* Tesco/Booker deal referred to phase 2 investigation
* Companies had asked CMA to "fast track" process
* CMA has identified some competition concerns
* CMA will publish final report before Christmas (Adds detail, background)
LONDON, July 12 (Reuters) - Britain's competition regulator has referred supermarket Tesco's proposed 3.7 billion pounds ($4.75 billion) takeover of wholesaler Booker for a detailed investigation, granting a request from the companies to "fast track" the process.
Tesco, Britain's biggest retailer, and Booker announced the cash and shares deal in January and the Competition and Markets Authority (CMA) formally started a phase 1 review in May.
Last month, Tesco and Booker asked the CMA to move swiftly to a more in-depth phase 2 examination.
The CMA said on Wednesday it believed that in over 350 local areas where there was currently an overlap between Tesco shops and Booker-supplied independent grocery retailers, shoppers could face worse terms when buying products.
It said there were concerns that if the deal was cleared there was potential for Booker to reduce the wholesale services or terms it offers the stores it currently supplies, in order to drive customers to their local Tesco.
Booker supplies services to over 5,000 so-called "symbol" stores, operating under the Premier, Londis, Budgens or Family Shopper brands.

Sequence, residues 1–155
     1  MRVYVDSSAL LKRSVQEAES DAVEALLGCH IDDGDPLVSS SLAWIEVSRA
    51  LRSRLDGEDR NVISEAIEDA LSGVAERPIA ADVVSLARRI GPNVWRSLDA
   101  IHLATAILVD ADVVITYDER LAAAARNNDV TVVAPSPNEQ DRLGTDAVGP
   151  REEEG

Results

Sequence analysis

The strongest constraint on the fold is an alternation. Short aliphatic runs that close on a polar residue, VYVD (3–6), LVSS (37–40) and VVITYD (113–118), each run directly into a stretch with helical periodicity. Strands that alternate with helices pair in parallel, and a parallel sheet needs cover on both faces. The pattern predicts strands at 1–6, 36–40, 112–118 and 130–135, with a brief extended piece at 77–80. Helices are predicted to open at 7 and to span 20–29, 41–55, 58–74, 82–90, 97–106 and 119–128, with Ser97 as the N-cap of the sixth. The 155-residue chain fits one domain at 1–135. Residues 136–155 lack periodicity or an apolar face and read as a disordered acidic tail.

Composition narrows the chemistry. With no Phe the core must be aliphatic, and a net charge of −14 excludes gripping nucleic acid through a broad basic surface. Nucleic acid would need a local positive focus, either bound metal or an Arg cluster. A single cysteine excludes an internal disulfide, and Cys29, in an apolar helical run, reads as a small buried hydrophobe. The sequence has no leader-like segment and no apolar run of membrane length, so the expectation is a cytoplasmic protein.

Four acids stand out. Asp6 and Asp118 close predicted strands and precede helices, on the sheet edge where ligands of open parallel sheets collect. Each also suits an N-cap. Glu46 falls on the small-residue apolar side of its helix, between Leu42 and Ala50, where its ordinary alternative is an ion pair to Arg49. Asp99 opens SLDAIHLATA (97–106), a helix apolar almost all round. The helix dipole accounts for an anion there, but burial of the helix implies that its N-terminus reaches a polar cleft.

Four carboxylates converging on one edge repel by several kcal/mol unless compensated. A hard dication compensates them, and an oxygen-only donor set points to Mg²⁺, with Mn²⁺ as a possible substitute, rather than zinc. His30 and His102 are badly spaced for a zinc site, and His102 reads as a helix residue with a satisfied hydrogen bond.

It also supplies restaurants such as Wagamama and Carluccio's and operates the Makro cash and carry business.
Tesco runs more than 3,000 stores across Britain.
The CMA said other concerns were raised and considered in the initial probe, but it had not found it necessary to conclude on all of these given the referral.
The regulator will now assess whether the deal could reduce competition by conducting further research and analysis as well as seeking views and evidence from all those potentially affected by the deal.
The CMA's in-depth phase 2 investigation lasts 24 weeks, which means its final report will be published before Christmas, following an earlier provisional findings report.
The transaction will be cleared if the phase 2 inquiry does not find it will reduce competition. If competition is seen to be affected, the CMA can either seek remedies or block the deal.
Tesco sees the deal as a new source of growth given Booker's role as a major distributor to the catering industry.
Some Tesco shareholders have criticised the transaction, saying it was overpaying and a distraction from its turnaround plan.
Tesco said it was pleased the CMA had accepted its fast track request.
"This merger has always been about growth, and we remain convinced that it will bring benefits for consumers, independent retailers, caterers, small businesses, suppliers and colleagues," a spokesman said.
Shares in Tesco were up 0.2 percent at 171.4 pence at 0801 GMT, while Booker shares were up 0.5 percent at 190.4. ($1 = 0.7797 pounds) (Reporting by James Davey; editing by Kate Holton and Jane Merriman)